Induction of acute colitis

Acute colitis was induced by feeding mice 2.5% (w/v) DSS (ICN Biomedicals Australasia, Sydney, NSW, Australia) dissolved in drinking water for 7 days. The DSS solutions were freshly prepared daily and grossly examined for turbidity. The control mice were given water only.

Clinical score

Daily clinical assessment of the progression of colitis in DSS-treated mice included measurement of body weight, evaluation of stool consistency and the presence of faecal blood. A previously validated15 clinical DAI was calculated from the following parameters: stool consistency (0–4), presence or absence of faecal blood (0–4) and weight loss (0–4). The maximum possible score is 12. Mice were killed at day 7 of the experiments; colon, spleen and MLNs were removed and stored for further study.


Each colon was divided into the proximal, middle and distal portions, and fixed in cold ethanol as described.42 Fixed tissues were embedded in paraffin, and 5 mum thick sections were stained with haematoxylin and eosin (H&E). Histological damage was observed only in animals with colitis. The average score of acute colitis in the middle and distal part of the colon was calculated from observation of 20 different fields of H&E-stained longitudinal sections of colon from each animal.43 The histological scoring was performed in a double-blind fashion. A method modified from a previously validated histopathological score grading system was used to evaluate the degree of colitis.44, 45 Two independent parameters46 were measured: the extent of inflammation (0, none; 1, slight; 2, moderate; 3, severe; 4, massive) and the extent of crypt damage (0, none; 1, the basal one-third portion damaged; 2, the basal two-thirds portion damaged; 3, the entire crypt damaged but the surface epithelium intact; 4, the entire crypt and epithelium lost). The maximum possible score is 8.

Immunohistochemistry and quantitativeness of infiltrating cells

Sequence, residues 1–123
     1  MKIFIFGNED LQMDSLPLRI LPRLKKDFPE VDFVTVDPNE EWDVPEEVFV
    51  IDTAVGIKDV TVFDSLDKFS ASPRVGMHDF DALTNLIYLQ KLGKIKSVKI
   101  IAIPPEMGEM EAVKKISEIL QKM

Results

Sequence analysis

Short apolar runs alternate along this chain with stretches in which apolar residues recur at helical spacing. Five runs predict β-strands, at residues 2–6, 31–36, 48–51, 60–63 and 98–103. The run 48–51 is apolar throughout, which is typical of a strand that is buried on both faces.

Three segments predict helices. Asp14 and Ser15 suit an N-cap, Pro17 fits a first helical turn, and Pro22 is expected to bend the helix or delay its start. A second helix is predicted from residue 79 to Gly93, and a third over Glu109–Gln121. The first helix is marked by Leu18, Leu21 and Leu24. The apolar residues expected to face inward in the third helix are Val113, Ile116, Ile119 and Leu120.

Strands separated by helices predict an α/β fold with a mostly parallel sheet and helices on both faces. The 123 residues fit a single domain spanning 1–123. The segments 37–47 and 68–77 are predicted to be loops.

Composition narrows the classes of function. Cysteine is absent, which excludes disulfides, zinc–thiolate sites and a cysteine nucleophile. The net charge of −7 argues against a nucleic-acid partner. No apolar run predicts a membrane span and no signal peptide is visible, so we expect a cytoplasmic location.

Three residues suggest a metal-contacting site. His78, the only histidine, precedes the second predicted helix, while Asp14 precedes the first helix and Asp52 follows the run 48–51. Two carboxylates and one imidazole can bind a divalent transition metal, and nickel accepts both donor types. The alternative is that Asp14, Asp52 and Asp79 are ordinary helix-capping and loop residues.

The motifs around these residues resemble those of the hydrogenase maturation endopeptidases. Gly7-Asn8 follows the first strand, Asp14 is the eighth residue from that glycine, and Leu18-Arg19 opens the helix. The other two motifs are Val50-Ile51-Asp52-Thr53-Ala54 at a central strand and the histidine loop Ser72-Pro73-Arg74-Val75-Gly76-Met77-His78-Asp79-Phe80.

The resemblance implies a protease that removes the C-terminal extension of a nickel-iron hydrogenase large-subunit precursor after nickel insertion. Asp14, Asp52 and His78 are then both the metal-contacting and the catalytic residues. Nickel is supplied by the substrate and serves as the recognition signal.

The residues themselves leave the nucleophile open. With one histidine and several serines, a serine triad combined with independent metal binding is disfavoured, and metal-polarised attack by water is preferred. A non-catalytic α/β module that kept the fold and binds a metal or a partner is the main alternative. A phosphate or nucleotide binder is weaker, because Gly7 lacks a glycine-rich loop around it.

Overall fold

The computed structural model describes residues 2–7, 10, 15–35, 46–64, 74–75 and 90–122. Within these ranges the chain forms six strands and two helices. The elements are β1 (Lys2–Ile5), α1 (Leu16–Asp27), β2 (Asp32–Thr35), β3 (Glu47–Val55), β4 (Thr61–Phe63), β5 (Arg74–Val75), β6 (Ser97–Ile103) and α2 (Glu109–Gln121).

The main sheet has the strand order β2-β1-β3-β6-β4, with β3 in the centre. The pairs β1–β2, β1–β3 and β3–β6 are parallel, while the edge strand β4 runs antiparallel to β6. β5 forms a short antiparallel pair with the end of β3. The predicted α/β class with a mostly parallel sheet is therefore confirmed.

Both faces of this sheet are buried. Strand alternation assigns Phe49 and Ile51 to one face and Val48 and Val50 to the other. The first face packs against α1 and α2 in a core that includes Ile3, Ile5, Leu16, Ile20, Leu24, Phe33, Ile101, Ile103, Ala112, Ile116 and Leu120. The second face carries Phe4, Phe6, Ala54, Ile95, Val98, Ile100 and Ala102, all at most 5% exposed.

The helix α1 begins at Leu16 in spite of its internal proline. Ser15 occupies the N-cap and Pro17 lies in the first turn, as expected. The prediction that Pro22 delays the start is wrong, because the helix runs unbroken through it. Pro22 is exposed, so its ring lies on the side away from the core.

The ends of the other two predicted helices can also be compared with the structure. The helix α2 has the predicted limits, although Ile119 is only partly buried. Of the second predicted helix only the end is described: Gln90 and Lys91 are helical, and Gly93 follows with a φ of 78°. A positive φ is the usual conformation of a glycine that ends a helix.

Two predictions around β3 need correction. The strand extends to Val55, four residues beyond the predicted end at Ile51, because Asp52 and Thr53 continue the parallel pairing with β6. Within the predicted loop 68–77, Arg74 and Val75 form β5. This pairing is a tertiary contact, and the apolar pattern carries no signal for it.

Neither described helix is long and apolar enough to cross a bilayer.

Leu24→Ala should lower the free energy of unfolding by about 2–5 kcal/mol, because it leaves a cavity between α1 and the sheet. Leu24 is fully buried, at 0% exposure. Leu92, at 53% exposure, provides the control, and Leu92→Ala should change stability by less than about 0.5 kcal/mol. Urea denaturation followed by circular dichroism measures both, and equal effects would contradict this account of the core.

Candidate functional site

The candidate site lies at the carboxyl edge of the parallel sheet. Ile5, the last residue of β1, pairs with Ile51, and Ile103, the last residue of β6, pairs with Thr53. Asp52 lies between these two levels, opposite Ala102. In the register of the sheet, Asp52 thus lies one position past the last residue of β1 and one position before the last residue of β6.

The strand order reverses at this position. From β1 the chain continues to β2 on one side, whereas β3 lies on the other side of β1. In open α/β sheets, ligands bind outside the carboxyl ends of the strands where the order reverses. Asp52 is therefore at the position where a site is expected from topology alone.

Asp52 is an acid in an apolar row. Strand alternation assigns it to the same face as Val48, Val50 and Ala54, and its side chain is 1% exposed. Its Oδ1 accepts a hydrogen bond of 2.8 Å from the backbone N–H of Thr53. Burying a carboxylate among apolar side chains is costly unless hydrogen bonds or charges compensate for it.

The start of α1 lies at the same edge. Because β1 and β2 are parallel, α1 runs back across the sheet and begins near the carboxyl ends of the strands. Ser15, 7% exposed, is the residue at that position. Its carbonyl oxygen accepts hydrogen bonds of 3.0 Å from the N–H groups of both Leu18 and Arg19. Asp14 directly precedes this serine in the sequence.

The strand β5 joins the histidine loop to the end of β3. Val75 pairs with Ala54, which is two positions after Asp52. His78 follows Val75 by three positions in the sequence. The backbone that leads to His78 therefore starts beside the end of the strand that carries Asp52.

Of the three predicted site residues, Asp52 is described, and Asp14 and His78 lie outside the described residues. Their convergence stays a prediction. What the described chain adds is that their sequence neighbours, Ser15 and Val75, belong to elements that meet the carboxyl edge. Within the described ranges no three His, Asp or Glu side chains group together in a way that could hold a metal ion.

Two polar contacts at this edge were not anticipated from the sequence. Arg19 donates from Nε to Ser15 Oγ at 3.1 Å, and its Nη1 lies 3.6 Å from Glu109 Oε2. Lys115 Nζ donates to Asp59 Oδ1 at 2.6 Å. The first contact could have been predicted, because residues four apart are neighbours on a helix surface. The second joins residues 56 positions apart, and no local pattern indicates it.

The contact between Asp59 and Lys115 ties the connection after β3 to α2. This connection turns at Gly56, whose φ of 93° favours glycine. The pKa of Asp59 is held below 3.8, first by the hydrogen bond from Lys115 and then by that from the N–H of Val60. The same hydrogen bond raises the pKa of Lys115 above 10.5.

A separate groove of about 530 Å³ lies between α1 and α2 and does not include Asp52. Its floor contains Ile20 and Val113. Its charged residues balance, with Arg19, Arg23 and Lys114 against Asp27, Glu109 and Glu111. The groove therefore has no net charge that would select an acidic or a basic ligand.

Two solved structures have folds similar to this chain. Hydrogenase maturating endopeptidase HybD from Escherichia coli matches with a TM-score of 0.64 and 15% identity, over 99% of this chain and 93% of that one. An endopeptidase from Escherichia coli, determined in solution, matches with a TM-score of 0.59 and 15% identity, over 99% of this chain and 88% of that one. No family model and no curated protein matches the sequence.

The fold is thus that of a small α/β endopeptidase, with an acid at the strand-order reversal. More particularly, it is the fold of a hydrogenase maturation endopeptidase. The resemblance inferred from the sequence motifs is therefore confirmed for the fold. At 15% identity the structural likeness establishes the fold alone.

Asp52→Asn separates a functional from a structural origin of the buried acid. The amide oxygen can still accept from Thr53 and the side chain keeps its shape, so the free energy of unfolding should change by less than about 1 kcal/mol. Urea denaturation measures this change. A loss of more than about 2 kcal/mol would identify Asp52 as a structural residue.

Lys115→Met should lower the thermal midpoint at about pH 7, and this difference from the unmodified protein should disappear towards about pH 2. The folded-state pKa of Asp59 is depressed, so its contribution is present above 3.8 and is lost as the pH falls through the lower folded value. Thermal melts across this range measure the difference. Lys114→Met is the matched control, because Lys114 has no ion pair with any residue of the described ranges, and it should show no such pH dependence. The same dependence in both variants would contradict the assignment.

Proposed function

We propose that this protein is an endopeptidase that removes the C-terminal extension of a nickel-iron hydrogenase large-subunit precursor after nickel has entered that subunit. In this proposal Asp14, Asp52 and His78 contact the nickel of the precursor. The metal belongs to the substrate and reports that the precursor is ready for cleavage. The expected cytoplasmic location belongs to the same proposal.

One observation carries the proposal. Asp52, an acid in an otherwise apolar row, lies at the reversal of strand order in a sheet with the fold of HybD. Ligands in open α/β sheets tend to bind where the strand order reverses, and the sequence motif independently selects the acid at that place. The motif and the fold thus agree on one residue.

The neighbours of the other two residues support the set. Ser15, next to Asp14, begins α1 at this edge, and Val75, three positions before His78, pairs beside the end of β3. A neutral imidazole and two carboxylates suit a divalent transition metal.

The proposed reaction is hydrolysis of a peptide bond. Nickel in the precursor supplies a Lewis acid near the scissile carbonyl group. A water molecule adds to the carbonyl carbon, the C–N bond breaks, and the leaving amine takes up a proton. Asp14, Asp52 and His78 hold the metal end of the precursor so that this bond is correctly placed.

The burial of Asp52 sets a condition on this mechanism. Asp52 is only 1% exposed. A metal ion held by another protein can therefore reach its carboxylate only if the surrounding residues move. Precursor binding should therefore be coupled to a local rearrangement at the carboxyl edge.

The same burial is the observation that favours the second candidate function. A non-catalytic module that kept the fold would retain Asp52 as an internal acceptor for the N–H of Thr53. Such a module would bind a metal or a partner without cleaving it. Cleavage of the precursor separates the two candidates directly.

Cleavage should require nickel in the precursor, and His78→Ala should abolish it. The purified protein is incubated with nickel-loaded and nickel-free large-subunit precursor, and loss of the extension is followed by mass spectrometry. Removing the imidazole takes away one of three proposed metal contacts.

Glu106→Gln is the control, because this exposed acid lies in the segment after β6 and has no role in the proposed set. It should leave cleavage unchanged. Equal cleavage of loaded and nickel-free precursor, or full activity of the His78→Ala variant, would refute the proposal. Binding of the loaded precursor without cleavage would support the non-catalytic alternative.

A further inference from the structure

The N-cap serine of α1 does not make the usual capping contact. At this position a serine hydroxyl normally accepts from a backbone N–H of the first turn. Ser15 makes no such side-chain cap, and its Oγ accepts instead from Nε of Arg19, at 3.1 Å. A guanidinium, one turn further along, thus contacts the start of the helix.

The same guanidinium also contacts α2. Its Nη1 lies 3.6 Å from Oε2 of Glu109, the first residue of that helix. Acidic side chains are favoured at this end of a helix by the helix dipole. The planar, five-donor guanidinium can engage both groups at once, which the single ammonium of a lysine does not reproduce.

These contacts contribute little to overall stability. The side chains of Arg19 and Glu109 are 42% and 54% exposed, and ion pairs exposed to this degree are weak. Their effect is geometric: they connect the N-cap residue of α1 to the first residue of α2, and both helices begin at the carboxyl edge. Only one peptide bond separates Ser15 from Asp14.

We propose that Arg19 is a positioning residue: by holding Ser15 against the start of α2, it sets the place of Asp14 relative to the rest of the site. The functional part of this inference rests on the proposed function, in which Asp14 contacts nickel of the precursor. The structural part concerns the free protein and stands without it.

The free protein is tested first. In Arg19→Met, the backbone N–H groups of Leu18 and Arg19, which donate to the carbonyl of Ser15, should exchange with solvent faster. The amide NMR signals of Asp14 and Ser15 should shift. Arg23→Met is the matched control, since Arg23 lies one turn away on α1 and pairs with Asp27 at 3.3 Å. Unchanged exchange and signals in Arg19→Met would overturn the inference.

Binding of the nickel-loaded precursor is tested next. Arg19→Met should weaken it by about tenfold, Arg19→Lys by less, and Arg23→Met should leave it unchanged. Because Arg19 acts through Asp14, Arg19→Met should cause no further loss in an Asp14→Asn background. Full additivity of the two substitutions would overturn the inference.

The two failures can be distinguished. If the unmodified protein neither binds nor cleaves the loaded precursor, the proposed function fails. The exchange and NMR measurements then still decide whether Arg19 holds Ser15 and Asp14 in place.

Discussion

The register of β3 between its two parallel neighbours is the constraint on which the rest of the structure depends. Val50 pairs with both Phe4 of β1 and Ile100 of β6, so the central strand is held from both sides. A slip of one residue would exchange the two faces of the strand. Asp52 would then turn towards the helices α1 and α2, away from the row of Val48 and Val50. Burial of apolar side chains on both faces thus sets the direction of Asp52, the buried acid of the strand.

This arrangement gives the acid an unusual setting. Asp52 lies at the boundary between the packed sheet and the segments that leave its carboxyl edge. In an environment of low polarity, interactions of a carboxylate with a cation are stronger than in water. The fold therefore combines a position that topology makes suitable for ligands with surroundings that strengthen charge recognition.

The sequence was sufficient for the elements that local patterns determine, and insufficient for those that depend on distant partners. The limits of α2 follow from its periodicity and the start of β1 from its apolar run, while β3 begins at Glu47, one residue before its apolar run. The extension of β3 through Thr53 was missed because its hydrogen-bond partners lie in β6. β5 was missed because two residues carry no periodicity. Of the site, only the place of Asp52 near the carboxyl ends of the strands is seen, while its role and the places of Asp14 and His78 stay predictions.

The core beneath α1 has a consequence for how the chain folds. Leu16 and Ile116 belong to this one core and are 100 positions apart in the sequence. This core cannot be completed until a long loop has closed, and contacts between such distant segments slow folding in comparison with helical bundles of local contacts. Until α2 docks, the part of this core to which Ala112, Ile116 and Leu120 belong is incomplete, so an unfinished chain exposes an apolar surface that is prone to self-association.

Colon, spleen and MLNs were fixed in cold ethanol,42 embedded in paraffin and sectioned at 5 mum. Immunohistochemistry was performed as described previously.42 Monoclonal primary antibodies were used in the immunostaining for detection of MAdCAM-1, macrophage/monocyte marker (F4/80), granulocyte/neutrophil marker (RB6-8C5) (Walter and Eliza Hall Institute of Medical Research, Melbourne, Australia). Primary antibodies used in the immunostaining for IgA and IgG detection were biotin-goat anti-mouse (Zymed, Sydney, NSW, Australia). In brief, sections were incubated with a diluted primary antibody (1:200 except MAdCAM-1 (1:100) and IgG (1:300)) for 1 h at room temperature. Then the sections were washed three times in Tris-buffered saline for 3 min, and incubated with biotin-conjugated secondary antibody (for MAdCAM-1, F4/80 and RB68C5 staining only, Dako, Australia) for 1 h at room temperature, followed by avidin-biotin-peroxidase complex (ABC kit, Vector, Sydney, NSW, Australia). The peroxidase activity was visualized using diaminobenzidine. The numbers of IgA+, IgG+ cells, F4/80+ cells, RB68C5+ cells and MAdCAM-1+ vessels in the transverse colons were counted per high power field (times 400) and averaged in proportion to the length of muscularis mucosa.29 Specificities of staining for all the antibodies used were confirmed by isotype-matched controls. The numbers of infiltrating cells were expressed per millimetre of muscularis mucosa.

Colonic chemokine and cytokine measurements